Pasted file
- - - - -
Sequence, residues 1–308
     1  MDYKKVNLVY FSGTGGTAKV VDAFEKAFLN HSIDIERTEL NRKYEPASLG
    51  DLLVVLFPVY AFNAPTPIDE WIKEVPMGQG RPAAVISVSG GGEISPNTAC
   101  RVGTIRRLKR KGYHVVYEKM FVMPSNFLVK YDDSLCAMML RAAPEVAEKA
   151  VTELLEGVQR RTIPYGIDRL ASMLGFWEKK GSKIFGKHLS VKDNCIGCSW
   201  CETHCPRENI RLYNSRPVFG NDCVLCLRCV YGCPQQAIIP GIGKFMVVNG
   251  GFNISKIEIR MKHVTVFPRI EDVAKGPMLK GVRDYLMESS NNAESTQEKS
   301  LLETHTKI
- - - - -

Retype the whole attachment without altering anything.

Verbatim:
Sequence, residues 1–308
     1  MDYKKVNLVY FSGTGGTAKV VDAFEKAFLN HSIDIERTEL NRKYEPASLG
    51  DLLVVLFPVY AFNAPTPIDE WIKEVPMGQG RPAAVISVSG GGEISPNTAC
   101  RVGTIRRLKR KGYHVVYEKM FVMPSNFLVK YDDSLCAMML RAAPEVAEKA
   151  VTELLEGVQR RTIPYGIDRL ASMLGFWEKK GSKIFGKHLS VKDNCIGCSW
   201  CETHCPRENI RLYNSRPVFG NDCVLCLRCV YGCPQQAIIP GIGKFMVVNG
   251  GFNISKIEIR MKHVTVFPRI EDVAKGPMLK GVRDYLMESS NNAESTQEKS
   301  LLETHTKI